Monday, July 15, 2024

RWBY Volume 5 Episode 1-4 Recap: RWBY Returns With A Yang

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Well folks, the ridiculous weapons have been put away, “From Shadows Part 2” has been replayed half a million times, and RWBY Volume 5 is done! To celebrate the end of the longest volume of RWBY ever (and hopefully tide us over until the soundtrack comes out), I’ll be digging into the first four episodes of RWBY Volume 5. Were they well-written? Were they an improvement on Volume 4? And most importantly, were they fun?


Okay, maybe I’m being a little too enthusiastic and making V5 sound like the best thing since sliced bread, but there’s no denying that the first four episodes of V5 are far better than the first four of V4. The animation, the pacing, the tone, the fights…gaah, they’re just so good!

I apologise for the fanboying, but these episodes feel so much more like the show I fell in love with three years ago. I don’t think I’ll be causing any controversy when I say that V4’s reception among fans was mixed. While the story had absolutely earned the darker, sadder tone, it felt like somewhere along the way the spirit of RWBY had been lost.

And the sad thing is, I’m not being metaphorical. Monty Oum’s tragic passing in February 2015 left a hole in the hearts of the RWBY community, and undoubtedly devastated the cast and crew of the show. While meta is often used for humour or political commentary, it’s rare to see it used as such a poignant expression of grief. While V4 may have been about the characters recovering from the death of Pyrrha, the death of Oum makes it all the more impactful.

And yet amidst all this sorrow, it truly is a smaller, more honest soul that ignites hope. Ruby’s monologue in the V4 finale is one of the greatest moments in the entire series. The way it uses the soundtrack is nothing short of brilliant, and while I could easily write a whole article on it, there’s one line I want to draw attention to:

“But it sure would be great to get team RWBY back together again.”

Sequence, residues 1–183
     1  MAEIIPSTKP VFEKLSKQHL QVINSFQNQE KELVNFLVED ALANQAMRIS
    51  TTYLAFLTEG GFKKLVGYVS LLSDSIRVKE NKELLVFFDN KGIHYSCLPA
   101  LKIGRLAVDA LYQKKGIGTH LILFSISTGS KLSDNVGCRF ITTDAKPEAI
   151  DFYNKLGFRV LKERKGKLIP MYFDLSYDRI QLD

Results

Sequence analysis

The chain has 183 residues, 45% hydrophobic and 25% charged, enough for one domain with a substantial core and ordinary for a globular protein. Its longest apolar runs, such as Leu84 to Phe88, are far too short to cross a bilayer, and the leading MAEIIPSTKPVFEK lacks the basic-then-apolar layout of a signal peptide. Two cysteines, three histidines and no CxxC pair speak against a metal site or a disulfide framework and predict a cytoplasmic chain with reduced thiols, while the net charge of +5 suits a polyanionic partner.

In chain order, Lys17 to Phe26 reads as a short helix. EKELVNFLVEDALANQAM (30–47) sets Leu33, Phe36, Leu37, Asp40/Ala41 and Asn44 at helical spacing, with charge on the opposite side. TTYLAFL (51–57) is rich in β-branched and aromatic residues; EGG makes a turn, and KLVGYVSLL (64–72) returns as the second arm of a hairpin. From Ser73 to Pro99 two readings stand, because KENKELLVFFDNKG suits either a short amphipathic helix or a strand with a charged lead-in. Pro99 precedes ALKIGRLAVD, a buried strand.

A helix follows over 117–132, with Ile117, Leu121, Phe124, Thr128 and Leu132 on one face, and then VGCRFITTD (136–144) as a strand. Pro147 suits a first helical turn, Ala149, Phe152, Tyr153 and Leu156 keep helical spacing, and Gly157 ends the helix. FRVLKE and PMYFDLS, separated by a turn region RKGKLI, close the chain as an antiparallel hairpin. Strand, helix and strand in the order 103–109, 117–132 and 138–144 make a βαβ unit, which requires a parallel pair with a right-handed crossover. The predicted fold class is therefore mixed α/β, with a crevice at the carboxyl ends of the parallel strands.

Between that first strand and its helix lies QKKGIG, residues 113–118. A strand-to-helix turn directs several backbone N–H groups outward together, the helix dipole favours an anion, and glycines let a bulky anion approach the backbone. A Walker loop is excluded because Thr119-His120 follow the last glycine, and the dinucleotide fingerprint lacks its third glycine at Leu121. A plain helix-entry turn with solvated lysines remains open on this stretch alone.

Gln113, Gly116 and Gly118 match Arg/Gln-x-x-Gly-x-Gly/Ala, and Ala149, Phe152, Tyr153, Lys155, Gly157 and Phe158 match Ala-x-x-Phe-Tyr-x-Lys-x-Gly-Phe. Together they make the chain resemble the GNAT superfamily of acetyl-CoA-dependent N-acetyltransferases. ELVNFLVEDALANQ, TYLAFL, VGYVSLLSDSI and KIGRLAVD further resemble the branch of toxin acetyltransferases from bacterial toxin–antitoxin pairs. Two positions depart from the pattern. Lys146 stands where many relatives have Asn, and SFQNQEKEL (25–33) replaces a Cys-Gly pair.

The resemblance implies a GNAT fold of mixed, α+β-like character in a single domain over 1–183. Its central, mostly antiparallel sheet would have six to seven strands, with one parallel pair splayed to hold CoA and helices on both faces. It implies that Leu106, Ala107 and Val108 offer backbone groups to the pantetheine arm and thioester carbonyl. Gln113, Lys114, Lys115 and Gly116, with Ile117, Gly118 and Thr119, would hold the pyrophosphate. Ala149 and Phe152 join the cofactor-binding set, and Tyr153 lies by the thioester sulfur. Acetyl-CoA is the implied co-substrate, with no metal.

This. This line encompasses the entire journey of V4 and why I love the first four episodes of V5. It’s the shift in the narrative away from the sorrow and gloom of V4 back to the RWBY we all know and love. Back to the laughs, the love, the fights, everything that makes RWBY the series we all adore. Or as the V5 opening ‘Triumph’ put it, “Back to the fairytale, back to the show.”

So, without further ado, let’s discuss what makes “Welcome to Haven”, “Dread in the Air”, “Unforeseen Complications”, and “Lighting the Fire” so great.

Bring it on.


If there was one thing that made these four episodes work so damn well, it was the pacing. “Welcome to Haven” serves as a fantastic premiere episode, deftly laying the groundwork for our four protagonists in record time…literally. The Weiss portion of the episode lasts for all of 90 seconds, while the Blake and Yang segments clock in at 2 minutes apiece.

And yet in those tiny episode fragments, the storylines for each of the three girls are clearly established. We know Weiss is going to Mistral to find her sister, we know that Blake and her family are planning on unveiling the White Fang’s sinister schemes to the population of Menagerie, and we know that Yang is hunting down her mother.

Granted, it’s not entirely thanks to “Welcome to Haven” that we know all this, as the last two episodes of V4 laid the groundwork for this volume’s storylines. But nonetheless, this episode alone works as a better start to the plot than the entirety of the first four episodes of V4. And yes, I know I’ve been bringing up V4 a lot for a review of V5, but comparing the narrative structure of the two is critical to understanding why V5’s pacing is so much better.